Throughout my years, both professionally and personally, I’ve gathered a sense of the differences between what we’d call “mainstream” or Western Medicine, and “alternative” or holistic medicine.
This is not to argue the benefits or liabilities of either, because that is for you to judge. Medical choices are kind of like religion: it’s something we develop over years of belief, programming and life-lessons; and we have to come to those realizations on our own. It’s personal.
So, everything I’ll say, is just OPINION ONLY. And my opinion, to be exact. It’s what I’ve accrued over half a century of graduating from the school of Parental Misguidance and learning invaluable lessons in the School of Hard Knocks.
Western Medicine is good at certain things. They’ve developed technology, diagnostics and pharmaceuticals that can treat a wide variety of conditions and respond with life-saving agility and speed for emergencies, traumas, infections and pharmaceutical mediation.
What they’re not good at is seeing deeper into the root causes of human suffering and/or putting together the disease picture as the sum of the whole person, rather than isolating symptoms. For this reason, they often fail at what I would call “complex chronic diseases”, and at best, resort to symptom management at this point.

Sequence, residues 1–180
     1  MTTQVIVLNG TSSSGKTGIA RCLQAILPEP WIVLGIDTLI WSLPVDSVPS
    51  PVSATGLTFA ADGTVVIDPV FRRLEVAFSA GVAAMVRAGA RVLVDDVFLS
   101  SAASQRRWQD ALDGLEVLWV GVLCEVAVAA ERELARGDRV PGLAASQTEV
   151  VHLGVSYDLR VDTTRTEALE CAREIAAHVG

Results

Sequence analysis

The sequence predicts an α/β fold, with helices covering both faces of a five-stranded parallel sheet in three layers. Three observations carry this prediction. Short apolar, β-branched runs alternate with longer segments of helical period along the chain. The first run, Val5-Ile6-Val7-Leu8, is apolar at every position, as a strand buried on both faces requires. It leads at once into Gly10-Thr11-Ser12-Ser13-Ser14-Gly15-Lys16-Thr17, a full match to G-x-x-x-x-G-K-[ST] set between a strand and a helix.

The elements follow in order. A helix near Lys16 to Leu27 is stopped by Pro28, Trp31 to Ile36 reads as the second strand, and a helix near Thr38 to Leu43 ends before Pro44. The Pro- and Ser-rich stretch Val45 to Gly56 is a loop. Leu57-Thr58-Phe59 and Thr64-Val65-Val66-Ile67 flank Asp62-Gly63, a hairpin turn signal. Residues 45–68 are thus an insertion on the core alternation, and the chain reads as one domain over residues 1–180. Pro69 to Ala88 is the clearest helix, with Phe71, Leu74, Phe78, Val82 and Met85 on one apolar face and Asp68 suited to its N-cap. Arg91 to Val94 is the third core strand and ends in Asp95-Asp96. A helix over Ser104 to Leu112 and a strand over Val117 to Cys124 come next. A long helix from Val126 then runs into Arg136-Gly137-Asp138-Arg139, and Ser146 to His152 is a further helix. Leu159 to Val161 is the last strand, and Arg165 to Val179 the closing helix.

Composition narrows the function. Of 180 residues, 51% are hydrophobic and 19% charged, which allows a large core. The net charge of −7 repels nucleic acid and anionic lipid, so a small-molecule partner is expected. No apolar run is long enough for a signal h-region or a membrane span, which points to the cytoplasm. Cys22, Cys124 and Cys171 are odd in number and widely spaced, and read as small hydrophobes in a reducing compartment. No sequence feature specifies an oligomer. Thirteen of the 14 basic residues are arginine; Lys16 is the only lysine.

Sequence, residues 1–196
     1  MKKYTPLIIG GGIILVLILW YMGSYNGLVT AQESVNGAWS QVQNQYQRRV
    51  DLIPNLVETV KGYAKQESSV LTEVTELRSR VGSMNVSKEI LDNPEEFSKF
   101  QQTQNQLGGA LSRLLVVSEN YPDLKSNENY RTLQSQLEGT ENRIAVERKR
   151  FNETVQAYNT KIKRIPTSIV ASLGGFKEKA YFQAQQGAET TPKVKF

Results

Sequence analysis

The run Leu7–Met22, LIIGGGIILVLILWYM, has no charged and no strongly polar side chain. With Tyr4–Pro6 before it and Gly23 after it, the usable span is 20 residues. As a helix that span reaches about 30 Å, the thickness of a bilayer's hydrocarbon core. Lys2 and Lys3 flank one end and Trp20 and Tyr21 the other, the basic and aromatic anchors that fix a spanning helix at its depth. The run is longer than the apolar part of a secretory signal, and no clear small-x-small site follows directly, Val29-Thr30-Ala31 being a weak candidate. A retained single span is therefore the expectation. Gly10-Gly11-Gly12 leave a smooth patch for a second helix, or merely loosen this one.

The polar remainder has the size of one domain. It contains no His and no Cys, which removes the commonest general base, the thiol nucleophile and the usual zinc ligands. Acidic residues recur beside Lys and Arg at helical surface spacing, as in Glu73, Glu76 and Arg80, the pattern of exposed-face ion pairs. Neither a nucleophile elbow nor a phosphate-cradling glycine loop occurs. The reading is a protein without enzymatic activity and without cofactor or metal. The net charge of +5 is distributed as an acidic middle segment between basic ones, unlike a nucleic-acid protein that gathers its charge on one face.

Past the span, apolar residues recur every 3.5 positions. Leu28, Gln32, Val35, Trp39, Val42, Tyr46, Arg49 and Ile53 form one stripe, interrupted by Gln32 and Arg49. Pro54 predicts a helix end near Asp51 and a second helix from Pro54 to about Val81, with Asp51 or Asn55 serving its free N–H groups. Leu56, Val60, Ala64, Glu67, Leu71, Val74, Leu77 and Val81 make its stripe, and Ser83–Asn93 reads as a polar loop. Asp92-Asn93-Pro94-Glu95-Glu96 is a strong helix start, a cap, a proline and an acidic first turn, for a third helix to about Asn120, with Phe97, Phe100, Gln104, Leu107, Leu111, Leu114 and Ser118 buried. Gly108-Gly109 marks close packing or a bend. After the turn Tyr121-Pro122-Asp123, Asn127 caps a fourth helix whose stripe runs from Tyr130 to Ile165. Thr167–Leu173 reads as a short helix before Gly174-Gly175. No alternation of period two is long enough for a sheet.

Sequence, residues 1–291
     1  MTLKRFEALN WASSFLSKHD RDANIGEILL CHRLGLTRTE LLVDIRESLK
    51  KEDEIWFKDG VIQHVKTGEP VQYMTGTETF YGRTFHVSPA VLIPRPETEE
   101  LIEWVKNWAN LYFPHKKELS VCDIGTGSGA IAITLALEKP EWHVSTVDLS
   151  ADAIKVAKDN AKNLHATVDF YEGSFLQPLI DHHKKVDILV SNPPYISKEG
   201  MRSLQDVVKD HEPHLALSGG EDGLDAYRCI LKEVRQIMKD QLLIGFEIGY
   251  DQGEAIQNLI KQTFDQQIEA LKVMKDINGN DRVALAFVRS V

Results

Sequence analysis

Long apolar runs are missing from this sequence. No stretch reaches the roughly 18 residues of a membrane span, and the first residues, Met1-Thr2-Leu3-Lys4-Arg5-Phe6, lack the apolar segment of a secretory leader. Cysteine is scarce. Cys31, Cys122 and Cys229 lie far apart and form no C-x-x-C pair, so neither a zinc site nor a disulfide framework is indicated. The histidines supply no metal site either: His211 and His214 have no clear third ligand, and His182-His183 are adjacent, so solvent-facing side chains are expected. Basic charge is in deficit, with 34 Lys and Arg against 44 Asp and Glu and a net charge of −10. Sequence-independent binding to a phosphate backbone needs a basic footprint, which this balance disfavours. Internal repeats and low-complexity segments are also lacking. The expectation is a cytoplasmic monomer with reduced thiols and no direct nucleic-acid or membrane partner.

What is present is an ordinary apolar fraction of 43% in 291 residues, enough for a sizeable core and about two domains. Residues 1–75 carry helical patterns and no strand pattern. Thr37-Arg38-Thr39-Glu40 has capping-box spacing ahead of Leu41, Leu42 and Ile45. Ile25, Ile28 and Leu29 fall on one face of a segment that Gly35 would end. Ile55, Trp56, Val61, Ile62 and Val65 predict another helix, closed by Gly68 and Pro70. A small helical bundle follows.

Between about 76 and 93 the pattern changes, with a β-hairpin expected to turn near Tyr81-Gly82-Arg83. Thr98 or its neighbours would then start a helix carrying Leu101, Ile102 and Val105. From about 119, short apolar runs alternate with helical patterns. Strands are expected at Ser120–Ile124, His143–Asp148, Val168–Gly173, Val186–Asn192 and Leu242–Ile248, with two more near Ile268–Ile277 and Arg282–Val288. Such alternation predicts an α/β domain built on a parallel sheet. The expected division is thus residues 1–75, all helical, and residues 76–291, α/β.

Alternative Medicine can be a bit of a quagmire to wade through. Let’s say, if your logical “left-brain” leads you to your Doctor’s office, then your creative / intuitive “right-brain” leads you to your holistic healer. Your relationship with your doctor, and with Western Medicine in general, may be one that your parents or school or peer pressure enabled and sustained for you, whereas facing your personal demons, entering the black night of the soul, or having life-changing spiritual awakenings might have led to to Holistic Medicine. Or: none of the above. Maybe one day, you just tried a chiropractor, and he fixed your back pain. As simple as that.
Whatever the case is, health management is truly a spectrum of resources and realities, and it’s hinged on the openness, the awareness, and the inner wisdom of the recipient. Nothing right or wrong about where you fall on the spectrum. Life is for learning – and if you’re open to it, you’ll keep learning about you and about health until the day you kick the bucket.
More later. Much more. Much later.